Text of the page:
Revealed: Why Knut and Kuppet are engaged in a fresh big fight

The Kenya National Union of Teachers (KNUT) Secretary General Collins Oyu chats with KUPPET Secretary General Akello Misori during the signing of the 2021 - 2025 collective bargaining agreement with teachers unions and TSC. [Wilberforce Okwiri, Standard]

The two main teachers’ unions are spoiling for a fight to restore credibility in the eyes of their members and to stamp their authority with the employer.

Kenya National Union of Teachers (Knut) and the Kenya Union of Post Primary Education Teachers (Kuppet) have taken firm opposing positions on ongoing proposed amendments to the Teachers Service Commission Act.

It is now emerging that the push to amend the TSC Act has given the unions a new battlefront, smarting from the embarrassment of the non-monetary Collective Bargaining Agreement (CBA) they signed two years ago, which pushed them out of favour with their members.

Last week, fresh emotions played out when the TSC invited education stakeholders to a public participation meeting on the proposed amendments to the Act.

Knut was the first to throw a salvo at TSC, declaring they would not attend the meeting. At the media briefing, on the eve of the meeting, Knut Secretary-General Collins Oyuu criticised the proposed law changes, terming the consultative meeting as "short on notice and punitive to teachers."

He further highlighted specific points of objection to each of the contested clauses. “If you look at the draft proposals, page by page, it is very punitive to teachers. We are not ready to be scolded anymore,” Mr Oyuu said.

A similar outburst spattered from Kuppet secretary general Akello Misori. Though Kuppet officials honoured the Kenya Institute of Curriculum Development (KICD) consultative meeting, they stood firm against the teachers’ employer.

Mr Misori accused TSC of being domineering and faulted its push for more powers. “You want a lot of powers but you don’t want to go to the real substance of the matter. You act bossy yet it is us who created you. If you did not exist under the Constitution, you would be nowhere and therefore we are not coming here because of any fear. We are coming here to build a case,” Misori said.

The statements by Oyuu and Misori exposed the undercurrents between the unions that seem to have endured years of suppression and now ceasing opportunity to stand for their members.

The open defiance signals fresh fight over teachers’ membership between the two unions as old strategies of outwitting each other to woo members played out again.

After nearly two years of passive boardroom negotiations that led to an embarrassing non-monetary CBA, the two teachers’ unions seem to be angling to take over their space through outright defiance of the TSC.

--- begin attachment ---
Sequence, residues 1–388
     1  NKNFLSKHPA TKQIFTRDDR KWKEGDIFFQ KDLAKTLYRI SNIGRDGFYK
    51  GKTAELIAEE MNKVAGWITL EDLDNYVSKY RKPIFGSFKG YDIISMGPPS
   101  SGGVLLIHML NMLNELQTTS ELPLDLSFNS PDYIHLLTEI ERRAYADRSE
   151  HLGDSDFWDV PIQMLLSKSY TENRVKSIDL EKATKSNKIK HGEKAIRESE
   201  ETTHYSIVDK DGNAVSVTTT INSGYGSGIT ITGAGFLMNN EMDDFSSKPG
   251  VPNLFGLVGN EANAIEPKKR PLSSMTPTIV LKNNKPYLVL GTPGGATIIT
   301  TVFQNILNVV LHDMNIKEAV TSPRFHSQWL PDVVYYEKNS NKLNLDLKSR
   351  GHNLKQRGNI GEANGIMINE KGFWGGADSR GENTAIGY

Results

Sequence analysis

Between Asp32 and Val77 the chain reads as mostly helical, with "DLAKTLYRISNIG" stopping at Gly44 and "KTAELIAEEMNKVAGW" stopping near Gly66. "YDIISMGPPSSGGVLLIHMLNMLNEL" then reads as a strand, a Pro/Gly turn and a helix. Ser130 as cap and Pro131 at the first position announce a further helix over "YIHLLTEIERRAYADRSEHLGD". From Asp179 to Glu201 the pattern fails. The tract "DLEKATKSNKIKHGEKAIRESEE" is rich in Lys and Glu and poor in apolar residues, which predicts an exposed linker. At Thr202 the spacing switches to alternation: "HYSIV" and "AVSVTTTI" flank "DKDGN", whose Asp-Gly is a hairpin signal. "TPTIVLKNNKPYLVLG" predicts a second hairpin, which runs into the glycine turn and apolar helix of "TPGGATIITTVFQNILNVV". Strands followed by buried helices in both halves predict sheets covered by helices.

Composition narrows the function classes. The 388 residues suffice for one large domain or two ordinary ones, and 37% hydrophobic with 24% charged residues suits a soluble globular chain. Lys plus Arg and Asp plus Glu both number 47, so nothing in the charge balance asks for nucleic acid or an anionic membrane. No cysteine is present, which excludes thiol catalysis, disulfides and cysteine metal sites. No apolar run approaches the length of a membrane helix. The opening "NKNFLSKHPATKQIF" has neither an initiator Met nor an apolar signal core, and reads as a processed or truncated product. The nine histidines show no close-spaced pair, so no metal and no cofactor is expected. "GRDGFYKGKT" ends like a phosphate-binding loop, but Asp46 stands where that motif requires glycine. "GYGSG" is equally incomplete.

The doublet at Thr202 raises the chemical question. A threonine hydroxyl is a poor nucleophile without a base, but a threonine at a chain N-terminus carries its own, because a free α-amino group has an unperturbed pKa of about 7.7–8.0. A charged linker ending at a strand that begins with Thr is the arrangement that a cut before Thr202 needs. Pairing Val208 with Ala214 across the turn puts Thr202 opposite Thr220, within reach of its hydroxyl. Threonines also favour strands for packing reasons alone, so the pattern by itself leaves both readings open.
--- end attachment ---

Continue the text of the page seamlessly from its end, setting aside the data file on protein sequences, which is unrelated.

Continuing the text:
Interviews with officials of both unions reveal a brewing membership fight as they seek to grab the opportunity to redeem themselves and win over members.

In their submissions, Knut and Kuppet listed their points of departure with the employer on the proposed amendments.

Kuppet faulted TSC for not involving them on salary reviews in its proposed amendments. Misori accused TSC of failing to include the unions in determining pay for teachers, in its proposed amendments.

The proposal by TSC, Misori said, only acknowledged the place of Salaries and Remuneration Commission (SRC), which provides an advisory on the pay of civil servants.

“They (TSC) did not mention Article 41 of the Constitution, it has not been mentioned anywhere and that is where we derive our power. When you mention article 237 of the Constitution which gives SRC powers to determine our salaries with TSC then you must engage article 41 because all of us have the right to participate in collective bargaining, there is no CBA that has been mentioned on that document,” Misori said.

The new kid on the block, Kenya Union of Special Needs Education (KUSNET), though still young and has not been part of the high-octane trade union politics, also faced the TSC.

“You have talked about the safety of learners, but you are forgetting about the safety of teachers, how comes our teachers are being chased away from schools by goons. Poor performance of duty, there is no thermometer that can measure that,” said James Torome, KUSNET secretary general.

KUSNET was registered in February 2011 and recognised by TSC in March 2021.

Pitching the case for KNUT, Oyuu faulted TSC for proposing to discipline teachers without being bound by strict rules of evidence as envisioned by article 50 of the Constitution on fair hearing.

He said TSC is silent on handling teacher pension which, he said, has been the biggest problem affecting retiring members. “We expected that TSC will streamline management of teacher pension and make it a department within TSC,” Oyuu said.